HM Chief Inspector of Prisons for Scotland: Annual Report 2018-19

6. Independent Prison Monitoring

Independent Prison Monitoring Advisory Group (IPMAG)

Dr Alan Mitchell - Chair, Independent Prison Monitoring Advisory Group

Dr Alan Mitchell
Chair, IPMAG

IPMAG provides oversight of the effectiveness of Independent Prison Monitoring in Scotland and the training and guidance available to IPMs, and makes recommendations for improvement.

It brings together IPM representatives, the HMIPS Prison Monitoring Co-ordinators, and a number of external experts in prisons, health and human rights to advise on prison monitoring in Scotland.

IPMAG Members 2018-19

  • Dr Alan Mitchell, Chair, Commissioner for the Scottish Human Rights Commission and UK representative on the European Committee for the Prevention of Torture
  • Jim McManus, Deputy Chair, IPMAG, and UK representative on the European Committee for the Prevention of Torture
  • David Croft, former Deputy Director of Prisons for the SPS, and former Governor-in-Charge of HMP Edinburgh 
  • Dan Gunn, former Director of Operations for the SPS 
  • Anne Hawkins, formerly the Director of Glasgow City Community Health Partnership - stood down during this reporting year
  • Richard Sparks, Professor of Criminology at the University of Edinburgh - stood down during this reporting year
  • Pete White, founder and Chief Executive of Positive Prisons? Positive Futures 
  • Marilyn Stenhouse, IPM at HMP YOI Cornton Vale 
  • Catherine Mullen, IPM at HMP & YOI Grampian
  • Fiona Govan, IPM at HMP Greenock
  • Hugh McGloin, IPM at HMP Low Moss 
  • Howard McKenzie, IPM at HMP YOI Polmont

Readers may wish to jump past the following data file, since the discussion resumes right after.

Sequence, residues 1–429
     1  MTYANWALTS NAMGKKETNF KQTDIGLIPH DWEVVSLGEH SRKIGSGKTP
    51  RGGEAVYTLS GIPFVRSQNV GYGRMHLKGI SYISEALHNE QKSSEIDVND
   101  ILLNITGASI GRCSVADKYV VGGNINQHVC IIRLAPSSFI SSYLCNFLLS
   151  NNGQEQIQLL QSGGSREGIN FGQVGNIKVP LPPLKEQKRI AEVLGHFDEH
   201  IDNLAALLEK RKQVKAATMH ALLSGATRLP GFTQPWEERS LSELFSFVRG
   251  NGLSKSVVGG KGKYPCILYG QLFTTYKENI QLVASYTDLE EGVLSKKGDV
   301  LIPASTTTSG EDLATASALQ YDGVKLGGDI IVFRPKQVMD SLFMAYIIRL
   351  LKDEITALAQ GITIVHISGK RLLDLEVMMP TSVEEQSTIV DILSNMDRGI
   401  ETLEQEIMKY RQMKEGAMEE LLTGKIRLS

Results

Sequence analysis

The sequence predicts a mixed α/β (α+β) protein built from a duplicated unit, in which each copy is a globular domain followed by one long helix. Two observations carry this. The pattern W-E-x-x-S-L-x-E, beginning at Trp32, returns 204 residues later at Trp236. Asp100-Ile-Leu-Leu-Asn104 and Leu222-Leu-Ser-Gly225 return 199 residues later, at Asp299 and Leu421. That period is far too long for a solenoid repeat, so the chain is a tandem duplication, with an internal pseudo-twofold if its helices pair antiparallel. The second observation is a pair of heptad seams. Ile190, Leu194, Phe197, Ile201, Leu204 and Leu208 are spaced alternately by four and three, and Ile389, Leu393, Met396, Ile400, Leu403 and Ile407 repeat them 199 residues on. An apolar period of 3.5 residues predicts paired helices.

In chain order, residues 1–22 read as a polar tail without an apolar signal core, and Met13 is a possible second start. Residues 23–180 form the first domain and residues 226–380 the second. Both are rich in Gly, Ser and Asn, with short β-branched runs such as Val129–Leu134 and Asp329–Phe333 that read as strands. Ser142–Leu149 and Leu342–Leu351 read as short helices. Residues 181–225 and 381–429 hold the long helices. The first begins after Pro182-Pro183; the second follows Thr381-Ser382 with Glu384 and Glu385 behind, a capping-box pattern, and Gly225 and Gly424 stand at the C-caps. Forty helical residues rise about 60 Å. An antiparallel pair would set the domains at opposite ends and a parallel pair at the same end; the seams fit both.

• Muriel Mowat, IPM at HMP YOI Polmont

In addition, HMCIPS is a member of the IPMAG, along with the HMIPS Prison Monitoring Co-ordinators. A representative from the Scottish Government’s Justice Directorate is also invited to each meeting as an observer.

During the 2018-19 reporting year Beth McMaster, former National Prison Monitoring Co-ordinator, moved on from her role within the Inspectorate, and two of the group’s external experts, Deputy Chair Anne Hawkins, together with Professor Richard Sparks, stood down, each having served three years on IPMAG. I am grateful to Beth, Anne and Richard for their invaluable assistance in establishing oversight of prison monitoring in Scotland.

The IPMAG met on four occasions during 2018-19. They focussed on:

  • Reviewing and improving the National IPM Guidance, to ensure that IPMs are well informed on how to exercise their statutory duties. 
  • Reviewing the provision of training for IPMs, to ensure that IPMs are adequately trained on all aspects of the role, and on how to deal with matters they encounter while conducting monitoring visits.
  • Reviewing and improving the way in which Separation and Reintegration Units within prison establishments in Scotland are monitored, to seek assurances that the more vulnerable prisoners are being cared for in accordance with their human rights.
  • Reviewing the ongoing improvements to the provision of health and social care in prisons.
  • An annual review of the IPMAG Terms of Reference and compliance with the legislation.

Independent Prison Monitoring - Summary of Performance